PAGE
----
Emergency Communications Division
The Department of Public Safety provides for the immediate response of police, fire, and emergency medical services (EMS) through 9-1-1, radio communications to first responders, and computer-aided dispatch.
9-1-1: Landline vs. cellular
The number 9-1-1 is the number most people in the U.S., and some internationally, call to get help in a police, fire, or medical emergency. A 9-1-1 call made over a landline in Montgomery County goes directly to the 9-1-1 center. When using a cellular phone to call 9-1-1, be aware that if you are near the border of Montgomery County and your call hits a cellular tower in a neighboring county, your call will be routed to that county's Emergency Communications Center. When giving the location, be sure to say "I'm calling from Montgomery County." That way, if your call ended up in a neighboring county, they can transfer you quickly so that help can get to you quicker.
9-1-1 should be used in any situation that requires immediate assistance from the police, the fire department, or an ambulance. If you are ever in doubt of whether a situation is an emergency, you should call 9-1-1. It's better to be safe and let the 9-1-1 call taker determine if you need emergency assistance.
- Never say "nine eleven," since there is no 11 on the telephone keypad. Always say "nine one one."
- Always call 9-1-1 from a safe place. If there is a fire in the house, get out first, then call 9-1-1. If there is an intruder in the house, hide or get out to call 9-1-1 from a safe place.
- Know your address – have it posted near the telephone.
- Rural residents should post directions to their house.
- Never call 9-1-1 as a prank or joke. You could get into trouble, your parents could get into trouble, and you could keep someone who really needs help from getting it.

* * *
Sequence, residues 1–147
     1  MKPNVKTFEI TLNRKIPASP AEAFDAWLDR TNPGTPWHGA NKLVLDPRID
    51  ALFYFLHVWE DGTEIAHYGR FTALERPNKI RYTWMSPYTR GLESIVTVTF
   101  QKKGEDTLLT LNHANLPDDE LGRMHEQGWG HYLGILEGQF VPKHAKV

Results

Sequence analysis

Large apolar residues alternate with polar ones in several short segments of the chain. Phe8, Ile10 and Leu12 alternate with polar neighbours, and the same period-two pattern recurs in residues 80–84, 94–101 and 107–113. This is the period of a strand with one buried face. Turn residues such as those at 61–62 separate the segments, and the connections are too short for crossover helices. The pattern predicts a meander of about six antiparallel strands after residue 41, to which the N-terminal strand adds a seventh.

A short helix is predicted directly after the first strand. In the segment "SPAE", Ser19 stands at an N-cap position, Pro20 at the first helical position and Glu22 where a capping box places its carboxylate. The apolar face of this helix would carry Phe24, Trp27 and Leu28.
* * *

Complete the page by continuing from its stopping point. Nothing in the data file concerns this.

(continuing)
- 9-1-1 is for people, not animals. If you have a problem with a pet, you should call your veterinarian.
- If you are not sure if you have an emergency, call 9-1-1 and explain your problem to the 9-1-1 call taker.
- If you call 9-1-1 by accident, please don’t hang up. When the call taker answers, explain that you called 9-1-1 by mistake and that you do not have an emergency.
On July 20, 2015, the Montgomery County Commissioners announced that wireless phone customers have the ability to send short text messages to 9-1-1 in an emergency. At this time, Text-to-911 is only available to subscribers of AT&T, Sprint, Verizon Wireless, and T-Mobile.
Text-to-911 may be most helpful in these emergency situations:
- By individuals who have speech or hearing impairments, or who are having a medical emergency that renders them incapable of speech;
- Or in instances when making noise may endanger the caller, such as a home invasion/robbery, or instances of domestic violence or an abduction.
9-1-1 Quality Assurance
If you recently experienced the need to call 9-1-1 for emergency assistance, please take a few moments to complete this Emergency Dispatch Services Quality Improvement Survey. If you would like to submit a complaint or offer other comments, please click here.
Funding for 9-1-1
Each household or business pays a small monthly fee for 9-1-1 service on each telephone line that appears on their phone bill. There is no per-call charge for calling 9-1-1. However, EMS / ambulances dispatched through 9-1-1 may charge for taking someone to the hospital. This is a separate ambulance charge, not a 9-1-1 charge.